My Fitbit is keeping me awake…

Fitbit keeping me awake

Fitbit fever is upon me. I’m a bit obsessive when it comes to steps. One of those people who drag the dog round and round the block if there is the slightest chance that I won’t make my ten thousand steps for that day.

Fitbit keeping me awake

So I am no newcomer to the wrist strap that shouts and bullies you into getting up as soon as  you are settled. And what do you think I’m going to do – I’m in church for goodness sake – I can hardly get up and leave or, for that matter, wonder idly around during the sermon. But the new Fitbit is challenging me.

I love the shooting stars, the little encouragements and the tracking on my phone. But watching my sleep? A step too far. I am a novice where sleep is concerned. Until very recently I was of the opinion that sleep was an optional extra – something that you did out of necessity, briefly and under duress. Sleep was for sissies. How wrong can I be? Sleep is the most delicious thing ever invented.

I have a little function on my phone – on the same part as the alarm, you’ve probably got it too – that you can set to let you know when to go to bed – given what time you have to get up the next morning.  Well, it was telling me to go to bed when I was still at work! For me, five hours was a good long night. Yes, I was tired, but so used to being tired that it was my norm.

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I was used to coffee, Pro Plus and falling asleep every time I sat down. That was soon sorted though, I simply didn’t sit down. Then about six months ago, I was ill.  I don’t mean I had a cold or flu or needed a day off. I was ill. Chest pain ill. A&E ill. I thought I was having a heart attack.

A new respect for sleep

Actually I wasn’t, I was just, quite simply, exhausted. But I had grown so used to sleep deprivation and not listening to my body that it had to shout really loud to be heard. I lost several days in a haze of aches, pains and febrile sleep. I lost weeks to feeling ghastly.  Too ill to read, too shaky to function properly, I limped from day to day. I dragged myself around and eventually emerged. Ever since then I have been obsessed with bed time.

A couple of weeks ago I went to a workshop (at The Guardian no less!) and it finished at my bed time. It was 9.30pm  and there I was in the middle of London. I live in the Fens. Cinderella hasn’t got a patch on me.  I got over myself, got home – by train, no gold carriage for me – and fell into bed. The next day was torment – to think that I used to feel like that all the time.

I read ‘Why we sleep’ by Matthew Walker and my conversion was complete. The scientific evidence is compelling and removes any lingering doubts about the efficacy and necessity of good sleep, every night – as a priority.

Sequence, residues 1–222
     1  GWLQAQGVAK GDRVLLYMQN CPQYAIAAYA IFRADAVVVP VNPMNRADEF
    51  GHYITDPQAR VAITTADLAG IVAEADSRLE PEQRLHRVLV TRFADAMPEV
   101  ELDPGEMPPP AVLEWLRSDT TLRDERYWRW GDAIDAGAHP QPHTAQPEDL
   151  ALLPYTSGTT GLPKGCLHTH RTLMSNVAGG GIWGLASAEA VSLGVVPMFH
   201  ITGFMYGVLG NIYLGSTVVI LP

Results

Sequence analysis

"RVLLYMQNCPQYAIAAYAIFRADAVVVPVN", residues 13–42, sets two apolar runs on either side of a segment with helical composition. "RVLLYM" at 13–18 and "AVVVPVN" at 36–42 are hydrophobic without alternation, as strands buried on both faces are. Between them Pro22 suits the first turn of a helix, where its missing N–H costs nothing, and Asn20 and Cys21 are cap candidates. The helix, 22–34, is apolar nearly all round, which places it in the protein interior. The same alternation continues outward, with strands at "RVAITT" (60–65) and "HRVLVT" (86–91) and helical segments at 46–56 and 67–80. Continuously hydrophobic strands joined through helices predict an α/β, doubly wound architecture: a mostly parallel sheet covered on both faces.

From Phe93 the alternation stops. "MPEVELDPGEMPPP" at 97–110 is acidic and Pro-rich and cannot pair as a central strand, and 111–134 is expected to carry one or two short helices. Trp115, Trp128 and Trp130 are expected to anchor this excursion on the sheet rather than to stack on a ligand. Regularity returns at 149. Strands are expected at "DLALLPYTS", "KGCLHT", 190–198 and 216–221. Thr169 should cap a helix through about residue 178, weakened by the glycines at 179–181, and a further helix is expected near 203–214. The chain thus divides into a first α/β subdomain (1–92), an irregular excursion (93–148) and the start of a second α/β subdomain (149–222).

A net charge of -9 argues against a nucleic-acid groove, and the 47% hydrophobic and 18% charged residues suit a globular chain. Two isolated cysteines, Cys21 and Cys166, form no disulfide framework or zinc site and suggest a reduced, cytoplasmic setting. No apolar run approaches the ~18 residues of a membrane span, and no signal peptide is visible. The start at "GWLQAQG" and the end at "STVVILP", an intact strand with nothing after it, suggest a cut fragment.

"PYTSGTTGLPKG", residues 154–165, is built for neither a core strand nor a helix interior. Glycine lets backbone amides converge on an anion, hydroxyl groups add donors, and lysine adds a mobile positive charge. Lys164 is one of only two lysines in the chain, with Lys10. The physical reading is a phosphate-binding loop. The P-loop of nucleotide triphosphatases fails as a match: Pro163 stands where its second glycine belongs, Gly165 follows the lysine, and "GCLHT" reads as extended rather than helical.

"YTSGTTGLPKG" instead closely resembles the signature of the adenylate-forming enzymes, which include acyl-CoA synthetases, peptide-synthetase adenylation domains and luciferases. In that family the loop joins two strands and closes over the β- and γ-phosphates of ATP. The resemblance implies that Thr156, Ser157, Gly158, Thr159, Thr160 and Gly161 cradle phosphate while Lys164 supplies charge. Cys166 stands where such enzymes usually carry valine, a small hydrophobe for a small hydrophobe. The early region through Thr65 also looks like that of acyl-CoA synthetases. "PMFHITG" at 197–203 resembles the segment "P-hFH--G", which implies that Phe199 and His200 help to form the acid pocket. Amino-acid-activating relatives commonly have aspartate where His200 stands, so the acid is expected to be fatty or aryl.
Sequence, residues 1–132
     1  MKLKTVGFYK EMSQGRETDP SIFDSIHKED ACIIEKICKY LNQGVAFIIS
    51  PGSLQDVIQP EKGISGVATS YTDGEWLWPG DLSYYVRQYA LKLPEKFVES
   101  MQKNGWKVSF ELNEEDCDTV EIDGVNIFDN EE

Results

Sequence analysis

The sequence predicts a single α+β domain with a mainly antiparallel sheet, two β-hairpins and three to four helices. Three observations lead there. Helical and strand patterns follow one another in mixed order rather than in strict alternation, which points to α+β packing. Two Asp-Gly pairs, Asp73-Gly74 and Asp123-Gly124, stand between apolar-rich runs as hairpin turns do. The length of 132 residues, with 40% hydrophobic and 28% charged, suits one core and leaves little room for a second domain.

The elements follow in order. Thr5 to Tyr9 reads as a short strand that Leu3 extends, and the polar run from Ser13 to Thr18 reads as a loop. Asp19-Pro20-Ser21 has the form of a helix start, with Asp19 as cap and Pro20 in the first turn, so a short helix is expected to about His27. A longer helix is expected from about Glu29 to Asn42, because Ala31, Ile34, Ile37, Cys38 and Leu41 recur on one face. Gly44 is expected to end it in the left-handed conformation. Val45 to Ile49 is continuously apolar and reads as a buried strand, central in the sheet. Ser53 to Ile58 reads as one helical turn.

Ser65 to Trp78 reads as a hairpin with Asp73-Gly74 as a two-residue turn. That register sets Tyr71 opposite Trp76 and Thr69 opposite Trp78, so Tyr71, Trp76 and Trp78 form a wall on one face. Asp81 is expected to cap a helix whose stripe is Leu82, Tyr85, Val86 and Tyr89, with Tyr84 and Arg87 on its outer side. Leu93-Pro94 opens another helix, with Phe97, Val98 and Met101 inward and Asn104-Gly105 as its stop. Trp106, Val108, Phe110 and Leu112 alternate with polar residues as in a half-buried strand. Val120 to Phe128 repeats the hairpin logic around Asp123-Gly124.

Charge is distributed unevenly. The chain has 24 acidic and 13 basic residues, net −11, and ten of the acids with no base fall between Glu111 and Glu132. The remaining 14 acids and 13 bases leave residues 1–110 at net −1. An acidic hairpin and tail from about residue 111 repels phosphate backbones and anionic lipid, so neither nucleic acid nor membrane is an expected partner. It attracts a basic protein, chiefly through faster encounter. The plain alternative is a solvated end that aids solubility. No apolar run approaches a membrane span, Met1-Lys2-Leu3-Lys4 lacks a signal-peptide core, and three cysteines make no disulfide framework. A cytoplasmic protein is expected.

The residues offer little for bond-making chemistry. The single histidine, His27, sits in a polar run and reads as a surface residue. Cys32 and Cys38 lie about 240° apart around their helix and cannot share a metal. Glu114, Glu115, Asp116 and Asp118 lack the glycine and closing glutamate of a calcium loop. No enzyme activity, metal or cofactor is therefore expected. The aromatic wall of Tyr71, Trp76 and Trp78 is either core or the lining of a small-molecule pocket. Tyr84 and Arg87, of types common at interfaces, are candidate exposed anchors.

Feeling watched…

So why don’t I love my Fitbit at night?  It can produce a lovely graphic about how much sleep of every level I get every minute of every might. It tells me when I was awake in the night and for how long. And there’s the rub. I found myself, not only lying awake plotting the next chapter of my novel but also wondering what my Fitbit was going to say in the morning. Talk about Big Brother.

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Then I really panicked. What would it do if I had a passionate episode?! Would it watch and record that too? At that point I took it off. It flashed angrily at me but I am a strong woman and I simply put it down on my bedside table.

In the morning I gaily put it back on my wrist and we were off. I didn’t even look at the night and it was never mentioned again.

I do, however, think it demands that I get off my chair rather more often than is strictly necessary.

Marion Foreman

About Marion Foreman

I fall neatly into the ‘women who weren’t born yesterday’ category. I grew up in a turmoil of Guardian fuelled feminism. I went from ‘little woman’ to independent person in a decade. I began my nurse training in the early 70s in the midst of a male dominated university town. I convinced myself that my views must be wrong as the ultra clever men didn’t agree with me. It wasn’t until I did my degree with the OU that I realised that I had a voice – and a legitimate voice at that. Four children and three husbands later I have found my place in the world. A place that simply says that I am who I am, that I can choose my own path in life and choose those who walk with me. I have learnt that equality means making and taking opportunities, not feeling compelled to ‘do it all’.